Third: the Atonement is infinitely available, throughout the eternal expanse of space and time. Because the Lord, in His wisdom and mercy, has seen fit to provide regular reminders of the Atonement’s importance to our lives—at baptism, each week when partaking of the sacrament, in the temple—I fear that we too frequently impose artificial restrictions on the Atonement’s power. Consider, in this context, the power of the Atonement to cleanse us from sin. Each of us can recite the fourth article of faith; we believe in “[b]aptism by immersion for the remission of sins.” We may also be familiar with Nephi’s instruction that “the gate by which ye should enter is repentance and baptism by water; and then cometh a remission of your sins by fire and by the Holy Ghost.” Or perhaps we remember the instruction given in the Doctrine and Covenants to “[a]ll those who humble themselves before God, and desire to be baptized”; before their baptism they must “come forth with broken hearts and contrite spirits, and witness before the church that they have truly repented of all their sins, and are willing to take upon them the name of Jesus Christ, having a determination to serve him to the end, and truly manifest by their works that they have received of the Spirit of Christ unto the remission of their sins.” In each of these three scriptures, the Atonement is made effective at different chronological points relative to baptism and through a different method—through baptism, the bestowal of the gift of the Holy Ghost, or through repentance and the sanctifying influence of the Spirit of Christ. The Atonement’s power is not limited by form and circumstance; it is always available.

Let me give one scriptural example that I think makes this point. In Mark, Jesus heals a man who is sick with palsy and who has been brought to the Lord by four friends: “When Jesus saw their faith, he said unto the sick of the palsy, Son, thy sins be forgiven thee. But there were certain of the scribes sitting there, and reasoning in their hearts, Why doth this man thus speak blasphemies? who can forgive sins but God only? And immediately when Jesus perceived in his spirit that they so reasoned within themselves, he said unto them, Why reason ye these things in your hearts? Whether is it easier to say to the sick of the palsy, Thy sins be forgiven thee; or to say, Arise, and take up thy bed, and walk? But that ye may know that the Son of man hath power on earth to forgive sins, (he saith to the sick of the palsy,) I say unto thee, Arise, and take up thy bed, and go thy way into thine house.”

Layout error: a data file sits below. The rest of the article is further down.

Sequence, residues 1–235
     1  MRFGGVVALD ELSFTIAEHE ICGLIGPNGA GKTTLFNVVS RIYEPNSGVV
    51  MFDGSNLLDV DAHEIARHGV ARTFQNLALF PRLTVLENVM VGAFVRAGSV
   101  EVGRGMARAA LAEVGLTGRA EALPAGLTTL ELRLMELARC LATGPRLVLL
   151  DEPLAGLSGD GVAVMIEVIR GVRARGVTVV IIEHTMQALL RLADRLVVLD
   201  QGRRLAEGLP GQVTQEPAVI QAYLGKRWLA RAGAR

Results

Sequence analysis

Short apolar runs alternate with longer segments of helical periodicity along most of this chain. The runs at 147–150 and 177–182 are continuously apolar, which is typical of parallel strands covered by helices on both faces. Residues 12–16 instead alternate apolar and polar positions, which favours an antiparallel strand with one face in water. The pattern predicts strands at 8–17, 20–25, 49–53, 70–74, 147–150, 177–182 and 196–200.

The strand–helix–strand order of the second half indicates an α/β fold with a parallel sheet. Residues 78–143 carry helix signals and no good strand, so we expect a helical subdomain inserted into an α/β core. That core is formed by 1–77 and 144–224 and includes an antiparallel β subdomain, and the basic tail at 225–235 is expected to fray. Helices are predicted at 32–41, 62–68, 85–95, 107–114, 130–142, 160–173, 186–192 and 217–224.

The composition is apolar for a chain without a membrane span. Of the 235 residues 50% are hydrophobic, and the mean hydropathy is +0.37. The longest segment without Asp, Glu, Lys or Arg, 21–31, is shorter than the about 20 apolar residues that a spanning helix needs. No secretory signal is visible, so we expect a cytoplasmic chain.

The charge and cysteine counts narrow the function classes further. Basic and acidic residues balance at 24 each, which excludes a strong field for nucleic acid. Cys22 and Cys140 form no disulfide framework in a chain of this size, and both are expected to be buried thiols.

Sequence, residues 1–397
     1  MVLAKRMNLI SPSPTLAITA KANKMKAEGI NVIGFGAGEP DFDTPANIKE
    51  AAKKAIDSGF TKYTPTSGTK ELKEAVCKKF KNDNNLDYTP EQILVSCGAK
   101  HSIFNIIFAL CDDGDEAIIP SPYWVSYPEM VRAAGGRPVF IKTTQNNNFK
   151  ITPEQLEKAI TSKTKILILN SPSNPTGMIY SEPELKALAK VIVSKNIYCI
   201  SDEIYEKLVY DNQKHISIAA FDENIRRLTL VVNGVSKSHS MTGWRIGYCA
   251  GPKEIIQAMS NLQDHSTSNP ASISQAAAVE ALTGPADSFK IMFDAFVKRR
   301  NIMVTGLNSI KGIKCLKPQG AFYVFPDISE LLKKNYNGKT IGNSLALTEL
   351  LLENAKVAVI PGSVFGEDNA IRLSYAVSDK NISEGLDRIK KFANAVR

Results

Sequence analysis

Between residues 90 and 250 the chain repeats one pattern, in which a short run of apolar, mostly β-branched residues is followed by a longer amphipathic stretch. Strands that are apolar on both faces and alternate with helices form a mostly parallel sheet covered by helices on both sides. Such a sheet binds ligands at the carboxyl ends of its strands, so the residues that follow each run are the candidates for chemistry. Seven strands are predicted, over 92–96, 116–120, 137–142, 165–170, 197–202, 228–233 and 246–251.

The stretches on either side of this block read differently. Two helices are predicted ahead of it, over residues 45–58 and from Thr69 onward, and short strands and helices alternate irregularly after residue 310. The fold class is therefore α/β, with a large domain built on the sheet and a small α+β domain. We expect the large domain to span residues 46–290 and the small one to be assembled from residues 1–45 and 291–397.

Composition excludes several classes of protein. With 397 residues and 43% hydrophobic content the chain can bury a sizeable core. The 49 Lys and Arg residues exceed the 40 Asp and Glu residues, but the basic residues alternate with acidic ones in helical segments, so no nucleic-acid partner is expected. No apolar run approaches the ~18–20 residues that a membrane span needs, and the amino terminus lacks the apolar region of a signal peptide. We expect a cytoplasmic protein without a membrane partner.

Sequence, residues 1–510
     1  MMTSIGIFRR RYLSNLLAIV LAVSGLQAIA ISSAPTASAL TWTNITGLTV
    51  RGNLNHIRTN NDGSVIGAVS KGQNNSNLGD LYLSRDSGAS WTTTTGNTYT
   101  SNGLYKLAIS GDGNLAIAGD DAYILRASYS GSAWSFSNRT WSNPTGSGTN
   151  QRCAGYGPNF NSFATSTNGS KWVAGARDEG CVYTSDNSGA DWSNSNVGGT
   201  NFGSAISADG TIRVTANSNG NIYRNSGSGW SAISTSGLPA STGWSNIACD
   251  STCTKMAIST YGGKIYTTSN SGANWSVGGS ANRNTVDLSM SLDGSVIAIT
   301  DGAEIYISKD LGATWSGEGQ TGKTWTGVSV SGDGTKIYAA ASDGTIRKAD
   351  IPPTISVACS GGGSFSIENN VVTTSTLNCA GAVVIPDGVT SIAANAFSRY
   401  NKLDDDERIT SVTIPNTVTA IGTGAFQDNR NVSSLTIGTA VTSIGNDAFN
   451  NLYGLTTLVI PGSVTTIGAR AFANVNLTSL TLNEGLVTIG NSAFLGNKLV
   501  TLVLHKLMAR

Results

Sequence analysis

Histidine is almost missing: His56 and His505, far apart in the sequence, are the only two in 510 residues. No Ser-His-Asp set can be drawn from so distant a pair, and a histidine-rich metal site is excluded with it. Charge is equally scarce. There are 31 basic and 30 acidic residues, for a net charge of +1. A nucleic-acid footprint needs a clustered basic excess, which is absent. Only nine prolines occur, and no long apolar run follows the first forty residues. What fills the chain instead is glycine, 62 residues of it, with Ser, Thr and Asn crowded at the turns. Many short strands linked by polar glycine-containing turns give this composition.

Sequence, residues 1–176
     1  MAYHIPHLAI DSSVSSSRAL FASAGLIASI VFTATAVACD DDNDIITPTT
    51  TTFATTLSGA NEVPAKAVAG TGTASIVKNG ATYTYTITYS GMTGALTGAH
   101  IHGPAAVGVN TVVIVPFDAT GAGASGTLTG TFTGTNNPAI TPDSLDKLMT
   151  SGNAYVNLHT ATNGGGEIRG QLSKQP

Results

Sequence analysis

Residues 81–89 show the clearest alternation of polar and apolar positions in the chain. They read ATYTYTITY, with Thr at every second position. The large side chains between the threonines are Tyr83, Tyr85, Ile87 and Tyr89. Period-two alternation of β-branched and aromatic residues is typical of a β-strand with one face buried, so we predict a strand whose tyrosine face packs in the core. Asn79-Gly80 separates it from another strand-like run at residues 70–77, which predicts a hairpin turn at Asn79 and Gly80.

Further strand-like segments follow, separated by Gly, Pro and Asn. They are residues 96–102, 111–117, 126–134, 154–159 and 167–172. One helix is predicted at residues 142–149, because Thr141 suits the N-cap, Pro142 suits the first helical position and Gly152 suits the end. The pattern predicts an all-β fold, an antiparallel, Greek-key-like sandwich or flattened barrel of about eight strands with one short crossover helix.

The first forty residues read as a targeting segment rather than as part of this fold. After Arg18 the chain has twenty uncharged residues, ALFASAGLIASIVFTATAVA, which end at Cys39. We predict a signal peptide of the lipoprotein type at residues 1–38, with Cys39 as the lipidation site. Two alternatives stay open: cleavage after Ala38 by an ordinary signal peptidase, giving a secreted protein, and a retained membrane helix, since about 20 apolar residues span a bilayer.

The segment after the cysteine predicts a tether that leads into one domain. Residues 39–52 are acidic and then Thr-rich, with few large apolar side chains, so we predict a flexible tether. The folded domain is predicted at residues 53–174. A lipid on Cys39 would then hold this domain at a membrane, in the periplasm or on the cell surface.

Here Christ conflates physical healing and the remission of sins, in no small part because both acts draw upon the power of the Atonement--they are two sides of the same coin. But we know that healing takes place in many different ways during Christ's ministry. At times during his mortal ministry, Christ healed at a distance without the knowledge or presence of the afflicted (the centurion's son). At times Christ healed with a verbal command (the ten lepers). Most of the time, Christ healed by the laying on of hands--and even then there were significant differences (sometimes a simple touch; at other times, the repeated anointing of clay and spittle). The point is that Christ uses the power of the Atonement to heal people physically through different mechanisms and at different times. Why shouldn't the full power of the Atonement, including the remission of sins, be available to us in different mechanisms (through faith and repentance, baptism and the sacrament, and the cleansing power of the Holy Ghost) as well?